Harriman went to Stanford following his second tour of duty where he earned a Bronze Star and began organizing an effort to end extreme poverty around the world. He launched Nuru International to create a model for lifting entire communities out of poverty. The organization works with impoverished people to create viable businesses and to then plow some of the profits back into the community using a hybrid for-profit/nonprofit approach.

Harriman didn’t get mired in the problem; he immersed himself in the solution.

How do you see these glasses of water?

Deep optimism is not limited to social entrepreneurs even if they epitomize it. Rotary International decided 33 years ago to end polio. [I am a member of Rotary and have been paid to speak at Rotary events.] Whether it was hubris or naivete, they planned to eradicate the disease within about twenty years. While the battle has not been won, the financial support of the Bill and Melinda Gates Foundation has helped. Seeing cases go from 350,000 per year in the mid-80s to just 22 cases in the world in 2017, eradication seems assured if global partners including the World Health Organization, UNICEF and the US Centers for Disease Control continue their support.

In the climate arena, social entrepreneurs are using wind and solar as weapons to slow the warming of the planet. Rayton Solar has developed a process using particle accelerators to slice the silicon for solar panels in a way that will reduce the manufacturing cost of a panel by 60%. In India, the Ministry of New and Renewable Energy led a five-fold increase in power from solar in under three years, largely by engaging social entrepreneurs. Sighten is developing software to reduce the cost of installing solar.

The world’s biggest problems are proving to be the world’s biggest opportunities for those with the right kind of optimism.

They are the ones who see the empty glass as effectively full. It isn’t ignorance or delusion that causes them to think this way. Their attitude simply reflects the fact that they know where to get the water.

Click here to get my free webinar showing the three myths that hamper and the two keys for nonprofit crowdfunding success.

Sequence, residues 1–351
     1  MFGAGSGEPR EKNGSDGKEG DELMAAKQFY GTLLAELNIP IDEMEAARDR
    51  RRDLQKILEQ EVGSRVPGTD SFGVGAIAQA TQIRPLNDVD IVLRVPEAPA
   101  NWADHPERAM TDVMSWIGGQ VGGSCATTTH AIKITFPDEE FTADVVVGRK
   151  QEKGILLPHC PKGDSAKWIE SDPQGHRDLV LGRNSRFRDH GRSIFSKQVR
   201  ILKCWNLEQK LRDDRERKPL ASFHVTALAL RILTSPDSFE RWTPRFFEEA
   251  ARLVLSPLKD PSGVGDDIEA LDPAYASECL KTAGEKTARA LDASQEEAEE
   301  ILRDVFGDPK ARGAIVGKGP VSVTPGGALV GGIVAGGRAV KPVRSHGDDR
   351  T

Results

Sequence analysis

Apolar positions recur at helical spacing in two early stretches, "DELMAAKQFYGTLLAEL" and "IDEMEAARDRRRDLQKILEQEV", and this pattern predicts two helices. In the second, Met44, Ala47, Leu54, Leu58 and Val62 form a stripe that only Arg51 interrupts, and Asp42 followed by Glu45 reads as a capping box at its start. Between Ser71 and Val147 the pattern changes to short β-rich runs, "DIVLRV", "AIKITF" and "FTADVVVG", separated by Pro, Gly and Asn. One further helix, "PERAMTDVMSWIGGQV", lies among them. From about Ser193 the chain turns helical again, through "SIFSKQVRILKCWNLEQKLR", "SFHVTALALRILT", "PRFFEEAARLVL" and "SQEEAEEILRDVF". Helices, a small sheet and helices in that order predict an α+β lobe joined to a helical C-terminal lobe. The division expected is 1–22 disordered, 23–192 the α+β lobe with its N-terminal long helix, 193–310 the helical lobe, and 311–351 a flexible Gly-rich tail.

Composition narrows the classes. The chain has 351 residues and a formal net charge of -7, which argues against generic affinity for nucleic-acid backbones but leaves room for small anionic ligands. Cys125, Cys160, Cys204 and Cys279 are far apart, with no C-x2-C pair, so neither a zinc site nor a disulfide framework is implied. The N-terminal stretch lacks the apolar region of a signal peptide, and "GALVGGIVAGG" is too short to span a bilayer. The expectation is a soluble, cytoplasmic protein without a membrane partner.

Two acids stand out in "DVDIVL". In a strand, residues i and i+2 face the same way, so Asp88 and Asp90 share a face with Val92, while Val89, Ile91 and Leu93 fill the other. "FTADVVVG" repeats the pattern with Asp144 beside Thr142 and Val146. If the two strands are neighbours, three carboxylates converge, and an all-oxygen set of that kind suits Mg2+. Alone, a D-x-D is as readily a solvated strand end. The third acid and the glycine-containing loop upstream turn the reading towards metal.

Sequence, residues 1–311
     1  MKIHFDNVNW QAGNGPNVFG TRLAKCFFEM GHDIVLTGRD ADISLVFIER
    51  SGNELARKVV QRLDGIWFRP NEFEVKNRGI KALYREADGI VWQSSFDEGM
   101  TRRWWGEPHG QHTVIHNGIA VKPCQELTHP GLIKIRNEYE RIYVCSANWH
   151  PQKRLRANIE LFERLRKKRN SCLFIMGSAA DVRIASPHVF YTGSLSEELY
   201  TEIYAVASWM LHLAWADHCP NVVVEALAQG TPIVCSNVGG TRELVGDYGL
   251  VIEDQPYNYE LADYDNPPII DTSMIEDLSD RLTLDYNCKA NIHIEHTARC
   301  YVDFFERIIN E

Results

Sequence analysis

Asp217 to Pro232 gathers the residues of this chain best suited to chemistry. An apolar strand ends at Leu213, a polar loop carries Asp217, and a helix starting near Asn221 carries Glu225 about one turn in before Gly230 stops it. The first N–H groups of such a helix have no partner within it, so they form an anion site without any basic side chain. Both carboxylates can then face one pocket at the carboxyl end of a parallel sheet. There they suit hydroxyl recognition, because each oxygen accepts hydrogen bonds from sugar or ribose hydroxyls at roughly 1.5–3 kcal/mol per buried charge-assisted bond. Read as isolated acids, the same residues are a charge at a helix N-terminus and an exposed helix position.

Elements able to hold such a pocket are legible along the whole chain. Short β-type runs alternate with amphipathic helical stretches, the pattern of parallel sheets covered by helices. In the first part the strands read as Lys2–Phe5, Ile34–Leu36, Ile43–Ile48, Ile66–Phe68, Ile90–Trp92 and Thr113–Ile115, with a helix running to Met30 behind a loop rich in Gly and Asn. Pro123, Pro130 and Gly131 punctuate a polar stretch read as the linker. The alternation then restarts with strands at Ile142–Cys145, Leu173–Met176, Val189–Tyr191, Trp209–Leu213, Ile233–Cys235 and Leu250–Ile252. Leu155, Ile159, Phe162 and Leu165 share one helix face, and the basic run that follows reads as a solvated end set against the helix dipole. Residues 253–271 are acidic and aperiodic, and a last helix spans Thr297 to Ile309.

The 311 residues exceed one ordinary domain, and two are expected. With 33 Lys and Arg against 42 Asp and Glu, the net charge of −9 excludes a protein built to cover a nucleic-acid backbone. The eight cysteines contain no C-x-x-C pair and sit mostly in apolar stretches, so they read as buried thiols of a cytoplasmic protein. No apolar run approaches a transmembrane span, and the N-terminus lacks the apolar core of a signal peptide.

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This Mission-Driven Business Helps Millions Of Students Learn STEM Skills

This post was originally produced for Forbes.

You can download an audio podcast here or subscribe via iTunes or Google Play.

Vince Bertram, 50, CEO of Project Lead the Way, a 501(c)(3) nonprofit that provides STEM education, curriculum and training to schools, districts and teachers for millions of students across the country, says operating as a mission-driven business is key to having impact.

With $73.2 million in 2017 revenue and programs in 10,500 schools in all 50 states, Project Lead the Way—PLTW—serves millions of kindergarten through 12th-grade students.

Bertram says, “We are a business and if we don’t have a sustainable business model, we can’t provide the service to schools.”

Most of the organization’s revenue comes from fees for service and product sales. PLTW’s online store sells equipment and supplies that teachers and schools can use for teaching science, technology, engineering and math—STEM skills.

Vince Bertram, Project Lead the Way

In addition, PLTW works with corporations—many of whom are working to grow the qualified workforce—who make grants to the organization, which in turn makes grants to schools of 100% of the corporate donations.

Bertram describes the grantmaking function as a “service for corporations” that want to invest in education. Over the past five years, corporations have provided $91 million in funding through PLTW.

“Other organizations in particular in the nonprofit world will become highly vulnerable because of ebbs and flows in philanthropy and we can avoid that by having a sustainable business model,” Bertram says.

For his part, Bertram says education wasn’t always important to him. He says, both his parents dropped out of high school and he himself was on the verge of doing so after his father left home. “I just didn’t see the relevancy of school. I didn’t understand its long-term implications and the power of education.”

He credits teachers and a principal who influenced him with gaining an understanding of the value of education. It became his overarching passion.

He worries that we don’t give students particularly good advice. “We tell them things like Just follow your dreams and everything will work out. It’s just not reality. It’s irrational. You know the world doesn’t care about their dreams. They care about what they can do and the value they can add.”